For those who are familiar with the comic to The Walking Dead will undoubtedly be following the series Outcast by Kirkman and Azaceta which is about to reach it’s 18th issue
I discovered Outcast about 3 weeks ago. I have been watching The Walking Dead and had made it to the half-way point of Season 4. I’d been finding this season seriously boring in places. Now, I do understand why they slow the pace down and how important it is for character development, but it makes binge watching far less enjoyable. (Unlike Daredevil, which just ramps it up with each episode).
The Walking Dead comics, upon which the TV show is based on, have been running for over 150 issues and are highly praised. So, I hit the pause button on the TV show and ordered a copy of The Walking Dead Compendium One, made up of the first 48 issues. It’s brilliant, but clocking in at 1000+ pages, I’ll have to review that one at a later date.
Both series are written by Robert Kirkman, but this is pretty much where the similarities end. Outcast is a very different beast from The Walking Dead.
I’d been looking online for other comic titles – it’s nice to dip into other stories – when I came across Outcast. I had a hospital appointment, which I was told would include a lot of waiting around, so I downloaded the first 17 issues onto my iPad and prepared myself. It’s not often that I would want to hang around a hospital (especially as a patient) but when I made it to the 10th issue and was called in to be seen, I prayed that my appointment would be over quickly, so I could get home and continue reading. This is some serious shit.
Outcast has also been released in trade paperback (TP) format, each bundling together 6 issues. So to try and stop myself from rambling too much, I’ve decided to do reviews for each of these publications. I’ll try and keep spoilers to a minimum, but consider this a warning.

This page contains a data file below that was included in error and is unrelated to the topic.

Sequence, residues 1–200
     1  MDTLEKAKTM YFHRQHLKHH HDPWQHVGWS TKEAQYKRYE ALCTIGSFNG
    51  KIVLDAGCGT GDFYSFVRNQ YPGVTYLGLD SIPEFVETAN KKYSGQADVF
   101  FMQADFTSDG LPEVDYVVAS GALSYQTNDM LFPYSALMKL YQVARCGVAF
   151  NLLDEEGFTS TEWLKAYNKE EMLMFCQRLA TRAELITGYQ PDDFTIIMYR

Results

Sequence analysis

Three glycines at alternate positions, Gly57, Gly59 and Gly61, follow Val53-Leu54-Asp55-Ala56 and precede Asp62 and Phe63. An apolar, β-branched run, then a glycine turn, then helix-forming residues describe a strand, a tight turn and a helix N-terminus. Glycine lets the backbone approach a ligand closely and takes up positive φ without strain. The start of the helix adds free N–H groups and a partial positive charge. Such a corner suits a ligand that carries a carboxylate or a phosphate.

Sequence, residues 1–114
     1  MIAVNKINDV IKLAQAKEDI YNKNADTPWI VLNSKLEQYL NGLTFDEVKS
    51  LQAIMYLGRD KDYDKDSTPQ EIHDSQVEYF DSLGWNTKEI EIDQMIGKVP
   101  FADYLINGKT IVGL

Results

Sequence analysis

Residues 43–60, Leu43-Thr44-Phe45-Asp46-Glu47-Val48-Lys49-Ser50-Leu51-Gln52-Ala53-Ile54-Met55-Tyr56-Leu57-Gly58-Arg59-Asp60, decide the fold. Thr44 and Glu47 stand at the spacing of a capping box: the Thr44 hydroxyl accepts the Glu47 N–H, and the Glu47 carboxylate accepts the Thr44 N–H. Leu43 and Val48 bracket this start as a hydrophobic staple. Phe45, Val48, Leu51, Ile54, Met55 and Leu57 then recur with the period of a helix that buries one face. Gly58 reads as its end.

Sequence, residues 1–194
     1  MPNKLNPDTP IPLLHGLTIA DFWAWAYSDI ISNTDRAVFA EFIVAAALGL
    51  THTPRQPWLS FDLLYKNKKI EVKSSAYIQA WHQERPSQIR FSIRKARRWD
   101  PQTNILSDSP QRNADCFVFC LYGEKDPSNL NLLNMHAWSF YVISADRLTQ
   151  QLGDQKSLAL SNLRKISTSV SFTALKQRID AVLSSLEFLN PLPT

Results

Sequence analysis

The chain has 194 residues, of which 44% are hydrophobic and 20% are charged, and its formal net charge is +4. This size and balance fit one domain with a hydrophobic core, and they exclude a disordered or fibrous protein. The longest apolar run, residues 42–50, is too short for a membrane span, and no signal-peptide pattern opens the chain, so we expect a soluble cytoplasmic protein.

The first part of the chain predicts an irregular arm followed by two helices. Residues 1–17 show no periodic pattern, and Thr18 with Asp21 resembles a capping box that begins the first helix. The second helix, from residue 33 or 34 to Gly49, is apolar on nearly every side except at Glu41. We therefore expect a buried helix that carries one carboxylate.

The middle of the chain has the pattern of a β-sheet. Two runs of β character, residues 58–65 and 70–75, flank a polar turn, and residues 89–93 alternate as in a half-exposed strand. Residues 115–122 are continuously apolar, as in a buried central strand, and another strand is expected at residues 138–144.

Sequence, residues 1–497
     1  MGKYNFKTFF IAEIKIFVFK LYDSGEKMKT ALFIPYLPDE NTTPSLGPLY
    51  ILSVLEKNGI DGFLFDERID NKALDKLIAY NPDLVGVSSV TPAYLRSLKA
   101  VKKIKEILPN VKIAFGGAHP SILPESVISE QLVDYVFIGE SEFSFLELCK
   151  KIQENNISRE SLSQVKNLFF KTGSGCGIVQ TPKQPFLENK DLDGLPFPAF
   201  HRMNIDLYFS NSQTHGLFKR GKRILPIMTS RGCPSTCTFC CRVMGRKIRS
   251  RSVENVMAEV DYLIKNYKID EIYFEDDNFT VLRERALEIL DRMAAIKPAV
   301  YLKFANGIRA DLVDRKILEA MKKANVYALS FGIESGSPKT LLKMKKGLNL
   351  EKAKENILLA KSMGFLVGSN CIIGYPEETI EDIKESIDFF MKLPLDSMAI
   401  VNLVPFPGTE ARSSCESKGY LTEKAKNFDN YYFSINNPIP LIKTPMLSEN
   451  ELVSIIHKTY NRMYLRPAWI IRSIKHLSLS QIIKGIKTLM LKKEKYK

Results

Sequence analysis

In preparation for this review, I decided to sit down and re-read the issues. When I was reading these for the first time I was so engrossed in the story I moved quickly through each issue and I didn’t really sit back to appreciate the artwork. Now, I’m not an art connoisseur by any stretch of the imagination, but I know what I like and this, I like. I am so glad that I decided to re-read, because what’s surprised me is how intelligently the series is written. It is written. It’s marketed at a mature audience, though doesn’t pander to them. The artwork is explicit without being grotesque and the horror elements really are genuine.
Outcast isn’t for the faint of heart. The series follows our anti-hero Kyle Barnes, who is estranged from his wife and child. He lives a deliberate life of isolation hiding from those who he has known and loved. The reason? The people around him become plagued with demonic possession. As the story progresses, Barnes is able to turn his fear into courage and as the story deepens the comic manages to merge both horror and mystery genres.
Barnes is joined by the Reverend Anderson, a troubled clergyman who had been possessed previously. After a failed attempt to exorcise a demon from a young boy, they two characters are brought together and with the help of Barnes, the boy is eventually saved. This sequence perfectly sets the tone of what’s to come. I remember the first time I saw The Exorcist and hearing the noises coming from the attic. I always argued that The Exorcist is a drama first and a horror second, and the same can be said of the first few issues of Outcast. I felt my skin crawl when I saw the images of the child possessed, behaving in a feral manner. “I know who you are, OUTCAST” he says to Barnes… and as a reader, the hairs on the back of my neck stood on end. Moving through the panels feel uneasy, particularly in the first issue, the longer you look into them, the more I get the feeling I should be looking through my fingers, or from behind a cushion. The Omen has come to town.